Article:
President Ferdinand Marcos Jr. said the main mission of the military has changed to ensure the protection of the country’s territory as disputes with China and US-China rivalry intensify.
He stressed the urgency of shifting the military’s focus to external defense in a speech before troops Monday afternoon.
He spoke two weeks after summoning China’s ambassador to protest the use of a military-grade laser by the Chinese coast guard that briefly blinded some of the crew of a Philippine patrol vessel in the West Philippine Sea.
The Philippines condemned the February 6 incident in one of the more than 200 diplomatic protests it has filed against Beijing’s increasingly aggressive actions in the disputed waterway since last year.
China has accused the Philippines of intruding into its territory and said its coast guard used a harmless laser to track the Philippine vessel.
China claims the South China Sea virtually in its entirety.
“I’m saying that your mission in the AFP has changed,” Marcos told the troops, referring to the Armed Forces of the Philippines. “For many, many years, we were able to maintain that peace and maintain that understanding with all of our neighbors. Now things have begun to change and we must adjust accordingly.”
He said that the country’s boundaries were being put into question, “and there are many things that are happening so the air force has a very big mission to fully secure the Philippines.”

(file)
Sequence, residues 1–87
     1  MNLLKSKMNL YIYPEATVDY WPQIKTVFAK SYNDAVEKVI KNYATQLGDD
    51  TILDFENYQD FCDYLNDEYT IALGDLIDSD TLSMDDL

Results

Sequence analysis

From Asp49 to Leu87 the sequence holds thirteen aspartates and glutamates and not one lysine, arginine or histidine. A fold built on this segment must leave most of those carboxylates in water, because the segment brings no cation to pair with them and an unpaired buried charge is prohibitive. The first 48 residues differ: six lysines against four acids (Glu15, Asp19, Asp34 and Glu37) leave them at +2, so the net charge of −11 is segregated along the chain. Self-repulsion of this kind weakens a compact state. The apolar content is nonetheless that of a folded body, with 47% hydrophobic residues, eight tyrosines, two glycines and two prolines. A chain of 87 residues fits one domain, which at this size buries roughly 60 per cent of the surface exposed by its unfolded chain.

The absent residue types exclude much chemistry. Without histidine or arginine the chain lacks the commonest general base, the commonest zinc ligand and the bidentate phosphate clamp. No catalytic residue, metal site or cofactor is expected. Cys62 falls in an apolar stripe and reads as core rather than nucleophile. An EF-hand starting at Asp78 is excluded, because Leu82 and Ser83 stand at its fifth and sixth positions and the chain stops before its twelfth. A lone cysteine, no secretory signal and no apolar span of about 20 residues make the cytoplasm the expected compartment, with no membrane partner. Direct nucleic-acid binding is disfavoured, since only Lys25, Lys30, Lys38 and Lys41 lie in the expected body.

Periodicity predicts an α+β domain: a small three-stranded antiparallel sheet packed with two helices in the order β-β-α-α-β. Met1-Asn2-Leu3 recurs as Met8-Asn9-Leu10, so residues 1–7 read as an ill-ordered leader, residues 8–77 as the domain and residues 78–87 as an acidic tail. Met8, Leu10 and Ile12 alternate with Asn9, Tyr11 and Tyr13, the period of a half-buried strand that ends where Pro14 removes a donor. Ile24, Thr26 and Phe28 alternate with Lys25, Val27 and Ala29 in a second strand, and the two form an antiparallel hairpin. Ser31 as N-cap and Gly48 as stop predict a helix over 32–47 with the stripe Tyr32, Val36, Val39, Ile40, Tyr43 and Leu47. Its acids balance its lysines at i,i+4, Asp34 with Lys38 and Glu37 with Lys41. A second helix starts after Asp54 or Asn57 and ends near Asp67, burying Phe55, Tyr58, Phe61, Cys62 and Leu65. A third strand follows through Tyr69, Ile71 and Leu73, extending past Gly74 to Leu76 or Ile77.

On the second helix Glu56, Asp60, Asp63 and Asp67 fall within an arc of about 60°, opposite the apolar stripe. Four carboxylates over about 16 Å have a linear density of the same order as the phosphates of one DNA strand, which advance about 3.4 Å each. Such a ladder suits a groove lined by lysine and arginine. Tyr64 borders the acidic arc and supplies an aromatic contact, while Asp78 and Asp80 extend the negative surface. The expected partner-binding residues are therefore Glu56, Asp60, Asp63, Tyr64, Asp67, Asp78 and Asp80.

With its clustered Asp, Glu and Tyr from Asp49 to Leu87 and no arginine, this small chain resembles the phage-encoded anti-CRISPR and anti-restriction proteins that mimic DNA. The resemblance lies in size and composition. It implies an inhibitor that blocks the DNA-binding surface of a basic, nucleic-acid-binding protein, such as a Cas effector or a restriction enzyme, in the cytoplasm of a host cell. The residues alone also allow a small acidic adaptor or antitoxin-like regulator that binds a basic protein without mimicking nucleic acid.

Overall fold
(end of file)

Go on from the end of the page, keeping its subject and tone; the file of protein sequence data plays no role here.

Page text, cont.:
He also cited “the intensification of the competition between the superpowers.”
Marcos did not offer specifics, neither did he mention China in his speech in Cebu province, but underscored that Philippine foreign policy remains committed to peace.
Despite being a relatively small country, “we still have to fight for the rights of every Filipino because the Philippines is a sovereign nation and the Philippines has a functioning government,” he said.
After decades of combating Muslim and communist insurgencies, the military has begun to focus on defending the country’s sea borders. It has launched efforts to modernize in a program that has faced delays and financial constraints.
Many of the weapons and equipment have been aimed to improve its air and sea patrols to guard the archipelago’s vast coastline and build a minimal deterrence.
Under a 2014 defense pact with the United States, Marcos recently approved a wider US military presence in the Philippines by allowing rotating batches of American forces to stay in four more military camps.
That’s a sharp turnaround from his predecessor Rodrigo Duterte, who feared that the American military footprint could offend Beijing.
China, the Philippines, Vietnam, Malaysia, Taiwan and Brunei have been locked in an increasingly tense territorial standoff in the South China Sea, where US Navy ships and fighter jets have carried out patrols to promote freedom of movement, challenge Beijing’s expansive claims and reassure allies like the Philippines.
The disputes have intensified after China turned seven disputed reefs into missile-protected island bases to bolster its claims. The disputed waters have been regarded as a possible Asian flashpoint and a delicate front in the US-China rivalry in the region.